Opinion Article in the Fresno Bee by the 168 FireSafe Council President Howard Hendrix. Howard was one of many landowners who were focused on being a great property steward with fire prevention as priority. He is currently still working in partnership with Sierra RCD, as the District develops a Post- Creek Fire recovery program.
Due to the ferocity of the Creek Fire, my wife Laurel and I are now displaced persons — first to a motel for two weeks, now to an apartment in Fresno.
On Sunday, Sept. 6, we were ordered to evacuate from our house in the Pine Ridge community, just south of Shaver Lake. We were out by 1 in the afternoon, leaving behind our home amid its 12 acres of pine, oak, and cedar forest — at that time all still properly green.
Sunday through Monday we heard conflicting reports regarding fire behavior. We rode a mad roller-coaster between high hopes that the fire would spare the home we had built and lived in for 15 years, and grave fears that our place would burn down to ashes, rubble, stem wall, and slab.
On Tuesday, Sept. 8, we learned that the much-feared latter possibility had in fact come to pass. Our house was no more. Despite the herculean efforts of Cal Fire, the U.S. Forest Service, Cal OES, local volunteer fire departments, and myriad other agencies, roughly three-quarters of the homes and structures in our unique and much-loved community were destroyed when an avalanche of flame — 100-to-200-foot flame-lengths, 50 to 60 mph winds — poured through the forest of Pine Ridge overnight, Monday into Tuesday.
We take solace in the fact that we had ample time for evacuation and everyone in our tract got out unhurt. Laurel and I still have each other, our important documents, our old dog and young cats. Our regrets are also eased somewhat by the fact that in our community we had done all we were supposed to do, and more. With help from the Highway 168 Fire Safe Council and Cal Fire, we had over the previous 20 years put in shaded fuel breaks, taken down standing dead trees and, with help from the Sierra Resource Conservation District, had begun removing the remaining log decks of those dead trees.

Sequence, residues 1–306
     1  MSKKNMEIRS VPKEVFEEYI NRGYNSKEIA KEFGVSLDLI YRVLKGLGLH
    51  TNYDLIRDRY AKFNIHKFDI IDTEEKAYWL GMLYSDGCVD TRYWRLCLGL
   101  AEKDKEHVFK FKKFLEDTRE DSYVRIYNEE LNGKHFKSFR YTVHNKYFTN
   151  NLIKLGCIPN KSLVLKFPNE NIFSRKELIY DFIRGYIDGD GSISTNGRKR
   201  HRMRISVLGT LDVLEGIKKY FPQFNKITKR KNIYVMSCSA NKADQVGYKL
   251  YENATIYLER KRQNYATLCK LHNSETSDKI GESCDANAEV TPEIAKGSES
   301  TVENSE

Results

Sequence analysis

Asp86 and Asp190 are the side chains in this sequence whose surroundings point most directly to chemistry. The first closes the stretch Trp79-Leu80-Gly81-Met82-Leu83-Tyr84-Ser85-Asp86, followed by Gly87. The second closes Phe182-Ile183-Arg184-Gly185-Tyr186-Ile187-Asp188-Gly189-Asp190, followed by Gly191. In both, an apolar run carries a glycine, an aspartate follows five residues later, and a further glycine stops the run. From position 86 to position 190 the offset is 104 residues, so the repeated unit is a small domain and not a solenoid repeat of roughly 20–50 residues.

Our community prided itself on its long tradition of effort aimed at reducing and mitigating fire hazards. We knew there was a risk to our living in the mountains, and we took many steps to lessen that risk. Yet the Creek Fire was so extreme that it overwhelmed all our defenses.
Perhaps in the back of our minds we believed that the wildfires we knew were coming would somehow always be someone else’s catastrophe, not our own. Even when Laurel and I were evacuating from our neighborhood, we assumed that our place would be safe and we would be able to return to our home and our normal life. Instead we have suffered loss upon loss and are sick at heart over what has happened.
In our case, insurance has helped a great deal, but it can never replace all that was lost. The particular things our house held within it are too numerous to describe here, and perhaps only insurance adjusters would want that description in minute detail. Outside the house, our old pickup truck, wood splitter, tool shed, well house, and wood shed — with its cords of summer’s split logs that would not wait for winter and woodstove to burst into flame — are all in ashes or melted metal.
The fire expelled us from the mountains into the Valley, where the pressures and necessities of masking up and dealing with COVID-19 are much more in our faces than was the case in our small rural community. Nonetheless, beyond questions of beetle-killed trees, forest management issues, overstretched firefighting resources, drought and climate change writ large, the Creek Fire is, like the coronavirus pandemic, distinctly a “wildland urban interface” problem, in firefighter parlance.
Our wildfires and pandemics are, paradoxically, driven by our success as a species — by the pressure our ever-growing human population puts on wild environments, not only by proximity and intermixing, but also by the exchanging of less-obvious properties (viral RNA and carbon footprint, say) between the “natural” and the “technological” spheres. By living in the interface, we were part of the problem — and all the world is, ultimately, in the interface.
We cannot truthfully say “We have lost everything” so long as we are still around to say those words. In that lies the hope that we still have time to learn, and to change.
Howard V. Hendrix is president of the Highway 168 FireSafe Council, president of the Pine Ridge Property Owners Association and a longtime firefighter with the Pine Ridge Volunteer Fire Department. Formerly a homeowner on Lower Cressman Road, he and his wife now live in a Fresno apartment.